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there will be further revelations about downing street lockdown law—breaking. the ft looks ahead to tomorrow's showdown at prime minister's questions — quoting a tory mp saying the mood in number 10 is �*sulphurous�*. the metro focuses on the public backlash against borisjohnson as news of the party emerged — the paper quoting covid bereaved families saying he is showing contempt for their loved ones the mail asks if the game is up for the prime minister. yes, the the mirror replies: "the party's over, boris", the headline reads. so, let's begin. question and answer. let's start with the daily mail. is the party overfor with the daily mail. is the party over for the with the daily mail. is the party overfor the prime with the daily mail. is the party over for the prime minister could inspect the papers sayjohnson and grieved by the greatest crisis of his premiership. back in 2021, he just one the by election and every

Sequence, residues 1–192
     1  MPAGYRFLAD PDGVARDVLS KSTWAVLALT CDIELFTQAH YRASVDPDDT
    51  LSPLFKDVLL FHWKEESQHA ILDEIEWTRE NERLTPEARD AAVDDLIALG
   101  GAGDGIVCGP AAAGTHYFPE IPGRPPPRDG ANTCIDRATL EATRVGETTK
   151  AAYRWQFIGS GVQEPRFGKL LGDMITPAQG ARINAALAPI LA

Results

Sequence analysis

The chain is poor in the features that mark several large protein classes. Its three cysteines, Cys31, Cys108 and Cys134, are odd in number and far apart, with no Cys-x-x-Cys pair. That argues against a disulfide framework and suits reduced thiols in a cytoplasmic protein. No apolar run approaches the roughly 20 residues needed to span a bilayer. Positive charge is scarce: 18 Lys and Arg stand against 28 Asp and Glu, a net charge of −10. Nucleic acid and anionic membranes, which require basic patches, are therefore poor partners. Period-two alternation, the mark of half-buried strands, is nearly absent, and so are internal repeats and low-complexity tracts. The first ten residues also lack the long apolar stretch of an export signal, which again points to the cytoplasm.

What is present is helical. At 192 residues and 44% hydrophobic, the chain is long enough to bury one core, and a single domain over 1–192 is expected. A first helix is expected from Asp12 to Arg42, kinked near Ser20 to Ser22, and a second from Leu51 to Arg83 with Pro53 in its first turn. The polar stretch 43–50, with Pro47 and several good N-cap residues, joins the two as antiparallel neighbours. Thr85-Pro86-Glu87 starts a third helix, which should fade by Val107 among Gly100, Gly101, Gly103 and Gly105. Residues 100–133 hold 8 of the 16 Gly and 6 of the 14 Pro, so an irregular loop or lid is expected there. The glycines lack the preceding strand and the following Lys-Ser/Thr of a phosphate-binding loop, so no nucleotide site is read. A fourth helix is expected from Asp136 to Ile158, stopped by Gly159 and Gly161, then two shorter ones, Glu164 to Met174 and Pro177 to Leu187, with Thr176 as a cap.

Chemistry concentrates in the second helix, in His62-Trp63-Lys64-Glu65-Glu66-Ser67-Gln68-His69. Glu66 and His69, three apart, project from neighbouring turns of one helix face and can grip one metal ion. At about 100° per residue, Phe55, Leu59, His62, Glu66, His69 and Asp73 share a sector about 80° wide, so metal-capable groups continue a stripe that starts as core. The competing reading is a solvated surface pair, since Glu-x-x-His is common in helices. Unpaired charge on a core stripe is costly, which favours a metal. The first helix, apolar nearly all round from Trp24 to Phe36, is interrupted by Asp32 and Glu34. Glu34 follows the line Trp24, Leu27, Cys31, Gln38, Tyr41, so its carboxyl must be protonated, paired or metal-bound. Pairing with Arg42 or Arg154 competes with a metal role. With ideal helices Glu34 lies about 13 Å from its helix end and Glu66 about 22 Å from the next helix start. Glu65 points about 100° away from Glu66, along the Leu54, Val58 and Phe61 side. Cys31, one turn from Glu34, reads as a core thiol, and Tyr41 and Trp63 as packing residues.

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article i read said another ten years for the prime minister and others. it years for the prime minister and others. , ., a , years for the prime minister and others. , ., , ., others. it show so quickly in a matter of— others. it show so quickly in a matter of months, _ others. it show so quickly in a matter of months, a - others. it show so quickly in a matter of months, a reversal| others. it show so quickly in a i matter of months, a reversal of fortune can take place in politics. i think this is a very serious press for the prime minister. evidenced by the fact you can see a number of tory mps go on record publicly to question his future and became clear that in their opinion, if he is found to have misled parliament, but he knew about parties having taken place in downing street, he should resign. i think that's just her extraordinary state of affairs for the prime minister, particularly one demanding an 80 seat majority to find himself in. it also speaks to the seriousness of the allegations and just how much cut through mps or reporting of this matter has had with their constituents. many conservatives they've been speaking to today say that their inboxes, the posts have been full of voters